After the one-sided spat, I went to our bedroom and flopped down angrily on my side of the bed. I couldn’t recall exactly what I was fuming over but dammit, I was entitled to my anger and I was holding on to it. I turned toward the window, wrapping myself up in a blanket I was determined not to share, no matter how bad my hot flashes got. He could cover up with a pillowcase for all I cared.

 My hands were balled up into fists and I was curled in fetal position. I heard the door creak open and ground my teeth, knowing my husband was the only person who would dare enter without knocking. I cringed as I heard his footsteps come closer. Feigning sleep, I held my breath and waited for him to leave the room. Instead, he stood over me for a few seconds. Then he leaned in and pressed a tender kiss to my temple. Suddenly, holding onto my fury was like trying to catch water in a colander. My body relaxed and against my will, a smile crept onto my face. In that moment, even with my PMS symptoms at their zenith, I was reminded of why I fell in love in the first place.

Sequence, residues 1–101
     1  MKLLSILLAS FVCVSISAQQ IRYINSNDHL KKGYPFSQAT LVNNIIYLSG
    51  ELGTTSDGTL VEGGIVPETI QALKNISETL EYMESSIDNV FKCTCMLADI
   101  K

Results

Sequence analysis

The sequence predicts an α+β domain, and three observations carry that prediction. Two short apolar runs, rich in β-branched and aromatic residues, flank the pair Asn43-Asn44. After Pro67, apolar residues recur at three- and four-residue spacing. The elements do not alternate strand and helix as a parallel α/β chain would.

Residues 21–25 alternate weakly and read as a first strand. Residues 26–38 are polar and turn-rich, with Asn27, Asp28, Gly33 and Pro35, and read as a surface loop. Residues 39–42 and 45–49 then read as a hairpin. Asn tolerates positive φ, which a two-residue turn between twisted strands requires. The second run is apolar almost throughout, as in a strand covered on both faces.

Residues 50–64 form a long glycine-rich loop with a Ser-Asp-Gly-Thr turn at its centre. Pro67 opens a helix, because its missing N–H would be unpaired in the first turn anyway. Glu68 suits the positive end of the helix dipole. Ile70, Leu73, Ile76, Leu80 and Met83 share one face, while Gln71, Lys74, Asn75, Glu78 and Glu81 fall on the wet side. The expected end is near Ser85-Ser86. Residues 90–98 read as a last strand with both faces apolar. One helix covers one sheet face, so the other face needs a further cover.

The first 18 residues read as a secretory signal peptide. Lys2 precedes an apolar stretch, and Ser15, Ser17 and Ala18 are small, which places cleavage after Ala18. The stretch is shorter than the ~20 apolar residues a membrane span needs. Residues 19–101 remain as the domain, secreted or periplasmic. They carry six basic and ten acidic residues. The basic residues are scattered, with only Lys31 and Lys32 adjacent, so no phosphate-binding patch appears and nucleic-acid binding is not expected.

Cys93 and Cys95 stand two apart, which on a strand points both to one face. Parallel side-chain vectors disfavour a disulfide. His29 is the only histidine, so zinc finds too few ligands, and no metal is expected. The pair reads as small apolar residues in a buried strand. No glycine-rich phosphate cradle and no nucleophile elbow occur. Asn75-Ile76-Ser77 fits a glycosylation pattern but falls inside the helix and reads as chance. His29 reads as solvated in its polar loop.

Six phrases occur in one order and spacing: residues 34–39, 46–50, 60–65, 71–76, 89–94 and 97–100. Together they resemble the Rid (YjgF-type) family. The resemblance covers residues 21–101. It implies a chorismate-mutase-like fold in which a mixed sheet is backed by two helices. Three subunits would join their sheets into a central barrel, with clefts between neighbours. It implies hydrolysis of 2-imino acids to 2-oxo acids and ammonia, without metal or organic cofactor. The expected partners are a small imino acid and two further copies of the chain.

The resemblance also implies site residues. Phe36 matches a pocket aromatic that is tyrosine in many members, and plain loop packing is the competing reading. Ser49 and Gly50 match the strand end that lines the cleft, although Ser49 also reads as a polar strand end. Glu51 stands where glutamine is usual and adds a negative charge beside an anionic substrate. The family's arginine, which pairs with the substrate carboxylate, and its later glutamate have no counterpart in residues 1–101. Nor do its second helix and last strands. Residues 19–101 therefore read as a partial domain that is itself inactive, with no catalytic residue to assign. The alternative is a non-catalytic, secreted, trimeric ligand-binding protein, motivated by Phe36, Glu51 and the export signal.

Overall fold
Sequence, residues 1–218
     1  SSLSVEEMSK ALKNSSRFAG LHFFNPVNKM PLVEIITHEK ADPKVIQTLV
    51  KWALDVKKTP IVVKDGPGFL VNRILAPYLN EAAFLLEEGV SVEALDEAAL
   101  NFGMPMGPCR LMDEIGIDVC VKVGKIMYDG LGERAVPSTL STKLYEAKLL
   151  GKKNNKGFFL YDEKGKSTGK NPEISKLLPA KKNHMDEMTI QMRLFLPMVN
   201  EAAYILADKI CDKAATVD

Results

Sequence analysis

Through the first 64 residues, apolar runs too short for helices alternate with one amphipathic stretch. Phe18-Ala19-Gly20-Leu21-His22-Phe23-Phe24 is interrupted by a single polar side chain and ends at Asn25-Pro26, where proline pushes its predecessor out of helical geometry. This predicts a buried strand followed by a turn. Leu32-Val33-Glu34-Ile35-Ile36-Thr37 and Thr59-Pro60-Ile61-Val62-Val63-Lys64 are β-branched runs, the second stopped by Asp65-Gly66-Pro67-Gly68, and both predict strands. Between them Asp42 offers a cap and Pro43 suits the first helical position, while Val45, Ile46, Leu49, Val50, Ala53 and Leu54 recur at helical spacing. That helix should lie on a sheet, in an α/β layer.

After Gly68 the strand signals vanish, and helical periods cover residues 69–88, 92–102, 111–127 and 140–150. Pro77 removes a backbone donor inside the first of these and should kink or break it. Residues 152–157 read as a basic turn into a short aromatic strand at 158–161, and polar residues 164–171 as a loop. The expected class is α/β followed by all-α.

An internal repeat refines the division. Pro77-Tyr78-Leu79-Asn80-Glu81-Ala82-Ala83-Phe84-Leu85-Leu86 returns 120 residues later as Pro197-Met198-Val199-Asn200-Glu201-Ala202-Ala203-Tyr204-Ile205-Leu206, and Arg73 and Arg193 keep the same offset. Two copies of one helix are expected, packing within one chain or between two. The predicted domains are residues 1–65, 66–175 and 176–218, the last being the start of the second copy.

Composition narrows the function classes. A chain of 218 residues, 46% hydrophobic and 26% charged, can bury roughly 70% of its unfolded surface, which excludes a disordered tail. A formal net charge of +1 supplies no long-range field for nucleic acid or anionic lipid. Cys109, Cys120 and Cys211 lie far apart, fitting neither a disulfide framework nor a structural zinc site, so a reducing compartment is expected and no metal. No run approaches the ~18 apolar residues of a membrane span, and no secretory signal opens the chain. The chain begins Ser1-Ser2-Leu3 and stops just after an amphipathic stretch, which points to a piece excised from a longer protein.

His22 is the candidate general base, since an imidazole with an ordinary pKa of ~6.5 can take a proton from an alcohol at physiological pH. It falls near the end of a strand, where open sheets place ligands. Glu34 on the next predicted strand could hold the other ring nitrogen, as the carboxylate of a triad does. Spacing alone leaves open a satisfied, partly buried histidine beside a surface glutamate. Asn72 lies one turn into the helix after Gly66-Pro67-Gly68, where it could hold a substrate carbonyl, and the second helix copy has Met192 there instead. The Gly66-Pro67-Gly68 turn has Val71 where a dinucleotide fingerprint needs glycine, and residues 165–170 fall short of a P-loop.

An Unexplored Angle

Thanks to the prevalence of social media, our news feeds are filled to the brim with videos of police committing acts of injustice. Recently, a video surfaced showing a police officer slamming a female student on the floor. Many people defended the officer’s actions, stating that had she just complied with his request to leave the classroom, this never would have happened. I am by no means a person who can be convinced that snatching a student out of their desk and slamming them on the floor is acceptable. I may be going out on a limb here, but I think the problem is larger than anyone considered.